New Blister event, TAPP carbon offsets get nixed
[ By Kendra Walker ]
During a special meeting on March 30, the Mt. Crested Butte town council awarded admissions tax grant money to local organizations and companies for marketing events and initiatives in Mt. Crested Butte this summer. The usual suspects of applicants were awarded funds, while a new promising enterprise from Blister Review was given opportunity as well. TAPP’s new idea to offset carbon through the CBGTrails app was not funded, due to their request not fitting in with the grant’s criteria language. The following were awarded funds for the summer grant cycle:
Adaptive Sports Center: $24,300 to attract individuals and groups to Adaptive.
Crested Butte Nordic: $10,800 for marketing the Summer Grand Traverse.
Chamber of Commerce: $13,000 for the Fourth of July evening concert and for marketing the Chili and Beer Fest on September 11.
Crested Butte Music Festival: $4,000 in marketing support for the 25th summer season.
Travel Crested Butte: $12,000 to help market summer air service to GUC.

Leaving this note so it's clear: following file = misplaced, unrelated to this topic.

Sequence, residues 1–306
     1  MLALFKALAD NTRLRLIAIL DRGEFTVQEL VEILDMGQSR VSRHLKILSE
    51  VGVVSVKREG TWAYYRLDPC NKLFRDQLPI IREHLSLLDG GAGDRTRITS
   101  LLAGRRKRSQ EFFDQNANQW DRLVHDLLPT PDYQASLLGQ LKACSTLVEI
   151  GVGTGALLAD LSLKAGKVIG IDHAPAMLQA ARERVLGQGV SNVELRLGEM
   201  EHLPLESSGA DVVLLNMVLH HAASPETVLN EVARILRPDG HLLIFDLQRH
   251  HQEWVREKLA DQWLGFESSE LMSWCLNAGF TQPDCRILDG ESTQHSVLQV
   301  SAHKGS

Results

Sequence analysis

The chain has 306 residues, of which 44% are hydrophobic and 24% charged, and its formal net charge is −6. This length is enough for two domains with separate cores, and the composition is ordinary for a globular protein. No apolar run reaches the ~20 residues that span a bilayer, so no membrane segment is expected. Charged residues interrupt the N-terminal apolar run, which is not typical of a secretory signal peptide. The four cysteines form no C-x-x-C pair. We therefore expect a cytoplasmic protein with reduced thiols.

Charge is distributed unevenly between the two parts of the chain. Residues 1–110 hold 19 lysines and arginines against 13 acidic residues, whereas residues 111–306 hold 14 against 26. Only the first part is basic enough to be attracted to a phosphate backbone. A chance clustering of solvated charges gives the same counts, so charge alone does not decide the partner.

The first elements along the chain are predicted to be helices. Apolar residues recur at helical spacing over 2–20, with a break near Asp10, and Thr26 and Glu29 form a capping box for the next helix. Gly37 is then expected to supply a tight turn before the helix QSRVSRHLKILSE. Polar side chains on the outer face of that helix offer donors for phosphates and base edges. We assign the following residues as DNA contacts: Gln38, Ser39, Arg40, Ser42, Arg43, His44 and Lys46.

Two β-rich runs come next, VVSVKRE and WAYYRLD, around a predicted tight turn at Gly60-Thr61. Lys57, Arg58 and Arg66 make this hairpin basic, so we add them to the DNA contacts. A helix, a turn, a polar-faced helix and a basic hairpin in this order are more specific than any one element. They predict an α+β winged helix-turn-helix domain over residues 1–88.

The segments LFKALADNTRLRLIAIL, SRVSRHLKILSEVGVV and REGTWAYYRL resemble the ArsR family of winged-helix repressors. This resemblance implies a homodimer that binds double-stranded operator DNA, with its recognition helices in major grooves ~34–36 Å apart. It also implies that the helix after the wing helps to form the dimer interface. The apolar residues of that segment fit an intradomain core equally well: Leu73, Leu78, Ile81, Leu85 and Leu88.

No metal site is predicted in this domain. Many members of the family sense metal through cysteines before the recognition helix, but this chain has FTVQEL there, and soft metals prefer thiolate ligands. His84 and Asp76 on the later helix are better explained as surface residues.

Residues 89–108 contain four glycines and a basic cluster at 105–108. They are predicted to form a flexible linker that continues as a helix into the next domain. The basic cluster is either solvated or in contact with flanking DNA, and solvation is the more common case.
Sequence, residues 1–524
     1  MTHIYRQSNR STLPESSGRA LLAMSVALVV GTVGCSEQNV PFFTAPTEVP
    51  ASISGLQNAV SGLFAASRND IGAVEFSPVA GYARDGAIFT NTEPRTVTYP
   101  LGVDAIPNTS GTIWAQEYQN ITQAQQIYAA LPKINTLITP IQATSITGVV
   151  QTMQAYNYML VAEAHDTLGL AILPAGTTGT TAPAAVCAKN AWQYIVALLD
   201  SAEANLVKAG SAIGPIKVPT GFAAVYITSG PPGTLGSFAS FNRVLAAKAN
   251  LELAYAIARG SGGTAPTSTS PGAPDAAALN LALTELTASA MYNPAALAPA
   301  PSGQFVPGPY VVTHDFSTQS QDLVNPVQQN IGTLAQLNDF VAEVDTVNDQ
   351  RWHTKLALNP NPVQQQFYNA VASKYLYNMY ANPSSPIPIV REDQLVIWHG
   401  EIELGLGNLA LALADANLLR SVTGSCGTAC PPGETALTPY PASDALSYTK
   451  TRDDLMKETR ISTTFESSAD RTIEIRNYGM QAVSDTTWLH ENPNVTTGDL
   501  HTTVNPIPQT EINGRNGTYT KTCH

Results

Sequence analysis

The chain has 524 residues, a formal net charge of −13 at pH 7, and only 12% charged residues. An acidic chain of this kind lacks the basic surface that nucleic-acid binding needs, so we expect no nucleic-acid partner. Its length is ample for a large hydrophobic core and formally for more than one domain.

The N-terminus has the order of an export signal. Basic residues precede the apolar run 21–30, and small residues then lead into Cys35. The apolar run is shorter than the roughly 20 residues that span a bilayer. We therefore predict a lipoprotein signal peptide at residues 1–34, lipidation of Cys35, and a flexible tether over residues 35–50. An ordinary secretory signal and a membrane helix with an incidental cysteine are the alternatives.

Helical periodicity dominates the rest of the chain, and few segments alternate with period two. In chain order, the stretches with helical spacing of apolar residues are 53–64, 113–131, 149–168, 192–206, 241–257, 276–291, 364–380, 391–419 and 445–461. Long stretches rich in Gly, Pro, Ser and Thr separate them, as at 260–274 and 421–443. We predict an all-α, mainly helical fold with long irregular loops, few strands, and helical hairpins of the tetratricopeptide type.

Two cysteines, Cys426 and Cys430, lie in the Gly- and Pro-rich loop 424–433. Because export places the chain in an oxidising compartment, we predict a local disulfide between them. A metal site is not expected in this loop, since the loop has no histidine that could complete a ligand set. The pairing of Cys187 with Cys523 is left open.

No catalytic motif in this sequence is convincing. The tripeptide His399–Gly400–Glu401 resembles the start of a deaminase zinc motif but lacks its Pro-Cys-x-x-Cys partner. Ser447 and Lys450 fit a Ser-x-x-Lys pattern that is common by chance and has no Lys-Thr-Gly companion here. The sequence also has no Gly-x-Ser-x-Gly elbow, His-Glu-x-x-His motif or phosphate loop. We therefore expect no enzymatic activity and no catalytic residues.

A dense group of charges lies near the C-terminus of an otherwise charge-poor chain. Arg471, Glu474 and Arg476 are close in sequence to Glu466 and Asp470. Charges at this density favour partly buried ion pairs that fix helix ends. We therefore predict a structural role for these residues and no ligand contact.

Blister: $30,000 for marketing a female mountain biking event this summer.
New women’s mountain bike event
Jonathan Ellsworth of Blister Review shared his plans for the new women’s mountain biking event to take place in Mt. Crested Butte this summer.
“I think there’s a really interesting opportunity to help establish or further establish Mt. Crested Butte as the place that is extremely encouraging and inviting to women mountain bike riders,” he said. “I think the valley has done a very good job in making itself synonymous with mountain biking. We can do a really interesting thing in terms of showing off and building up Mt. Crested Butte as a place that is really inviting and encouraging for women to come ride here.